How a comedy slogan became a symbol of protest

(K. Brent Tomer),

IT HAS been used to speak out against the pope, police brutality and rising student fees. It has spread from Craggy Island, a fictional outpost of Ireland, to Britain. It was present for the unseating of an Icelandic prime minister and travelled across the Atlantic Ocean to Washington, DC for the inauguration of Donald Trump. Two weeks ago, it was back in London, amid a 30,000-strong crowd protesting Mr Trump’s planned state visit. If you’ve been to a demonstration over the past few years, chances are you’ll have encountered a sign bearing the curious legend “Down With This Sort of Thing”. But what does the slogan stand for?

Many will not be aware that “Down With This Sort of Thing” made its political debut in an episode of “Father Ted”, a classic British sitcom that aired between 1995 and 1998. Ted, a frustrated Catholic priest with secret secular ambitions, and Dougal (his dim-witted sidekick) are sent by the local bishop to protest a film condemned as “blasphemous” by the pope. Chaining themselves to a railing outside the cinema, they wave placards with slogans reflecting their general lack of enthusiasm for the undertaking: the immortal…Continue reading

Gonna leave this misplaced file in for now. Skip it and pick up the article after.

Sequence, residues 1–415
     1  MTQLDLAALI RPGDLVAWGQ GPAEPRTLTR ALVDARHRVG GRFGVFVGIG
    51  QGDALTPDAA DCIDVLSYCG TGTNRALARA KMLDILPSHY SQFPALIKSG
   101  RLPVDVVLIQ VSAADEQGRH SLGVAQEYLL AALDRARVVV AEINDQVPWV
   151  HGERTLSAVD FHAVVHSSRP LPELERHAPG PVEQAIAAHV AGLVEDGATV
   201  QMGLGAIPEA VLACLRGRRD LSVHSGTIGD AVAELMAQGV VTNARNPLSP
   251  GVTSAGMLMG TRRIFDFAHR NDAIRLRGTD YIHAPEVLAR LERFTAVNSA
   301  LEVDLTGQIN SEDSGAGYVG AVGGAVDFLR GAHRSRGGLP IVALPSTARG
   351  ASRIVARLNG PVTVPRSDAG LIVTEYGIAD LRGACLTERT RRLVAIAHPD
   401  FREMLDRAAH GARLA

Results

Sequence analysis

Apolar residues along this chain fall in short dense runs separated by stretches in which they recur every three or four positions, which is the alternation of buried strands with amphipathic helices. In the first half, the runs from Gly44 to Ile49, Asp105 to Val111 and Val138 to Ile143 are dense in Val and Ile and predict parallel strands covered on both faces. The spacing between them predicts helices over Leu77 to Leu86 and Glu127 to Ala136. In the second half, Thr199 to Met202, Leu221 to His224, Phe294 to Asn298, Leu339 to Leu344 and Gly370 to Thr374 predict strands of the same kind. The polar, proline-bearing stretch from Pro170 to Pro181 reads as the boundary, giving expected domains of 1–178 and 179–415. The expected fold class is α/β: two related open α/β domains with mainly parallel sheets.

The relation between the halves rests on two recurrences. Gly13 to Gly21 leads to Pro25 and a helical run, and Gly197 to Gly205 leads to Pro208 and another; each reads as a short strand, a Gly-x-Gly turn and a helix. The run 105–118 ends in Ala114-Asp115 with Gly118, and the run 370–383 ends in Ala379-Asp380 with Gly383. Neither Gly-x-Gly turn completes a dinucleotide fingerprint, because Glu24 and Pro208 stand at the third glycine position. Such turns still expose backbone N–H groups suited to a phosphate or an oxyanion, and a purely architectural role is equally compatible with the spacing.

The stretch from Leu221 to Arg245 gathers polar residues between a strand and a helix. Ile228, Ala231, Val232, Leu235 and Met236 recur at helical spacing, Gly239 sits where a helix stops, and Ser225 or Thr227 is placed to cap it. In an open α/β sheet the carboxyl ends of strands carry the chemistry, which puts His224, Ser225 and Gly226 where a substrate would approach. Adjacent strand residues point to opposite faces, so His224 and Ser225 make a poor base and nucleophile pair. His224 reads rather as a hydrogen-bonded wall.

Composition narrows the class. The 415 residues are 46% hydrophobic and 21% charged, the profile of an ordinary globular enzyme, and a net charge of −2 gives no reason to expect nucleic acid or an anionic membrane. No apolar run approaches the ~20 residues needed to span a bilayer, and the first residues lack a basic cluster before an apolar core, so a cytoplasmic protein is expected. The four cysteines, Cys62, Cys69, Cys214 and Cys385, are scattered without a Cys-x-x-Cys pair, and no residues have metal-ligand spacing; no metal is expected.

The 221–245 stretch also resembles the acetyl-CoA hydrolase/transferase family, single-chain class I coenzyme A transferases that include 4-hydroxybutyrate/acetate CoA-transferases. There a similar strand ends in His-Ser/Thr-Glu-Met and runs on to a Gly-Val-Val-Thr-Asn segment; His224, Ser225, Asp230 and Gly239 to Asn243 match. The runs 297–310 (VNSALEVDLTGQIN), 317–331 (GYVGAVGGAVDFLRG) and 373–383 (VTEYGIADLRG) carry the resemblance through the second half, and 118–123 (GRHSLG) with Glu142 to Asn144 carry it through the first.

via K. Brent Tomer CFTC How a comedy slogan became a symbol of protest


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